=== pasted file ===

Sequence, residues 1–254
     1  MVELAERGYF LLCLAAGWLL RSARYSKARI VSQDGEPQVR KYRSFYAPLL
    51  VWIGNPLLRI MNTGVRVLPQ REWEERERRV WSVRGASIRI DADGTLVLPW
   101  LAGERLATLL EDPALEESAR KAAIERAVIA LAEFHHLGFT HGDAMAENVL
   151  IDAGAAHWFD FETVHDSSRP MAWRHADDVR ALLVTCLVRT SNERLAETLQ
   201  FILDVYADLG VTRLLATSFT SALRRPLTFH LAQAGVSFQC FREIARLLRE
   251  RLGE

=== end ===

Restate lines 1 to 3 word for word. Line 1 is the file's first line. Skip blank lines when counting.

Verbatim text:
Sequence, residues 1–254
     1  MVELAERGYF LLCLAAGWLL RSARYSKARI VSQDGEPQVR KYRSFYAPLL
    51  VWIGNPLLRI MNTGVRVLPQ REWEERERRV WSVRGASIRI DADGTLVLPW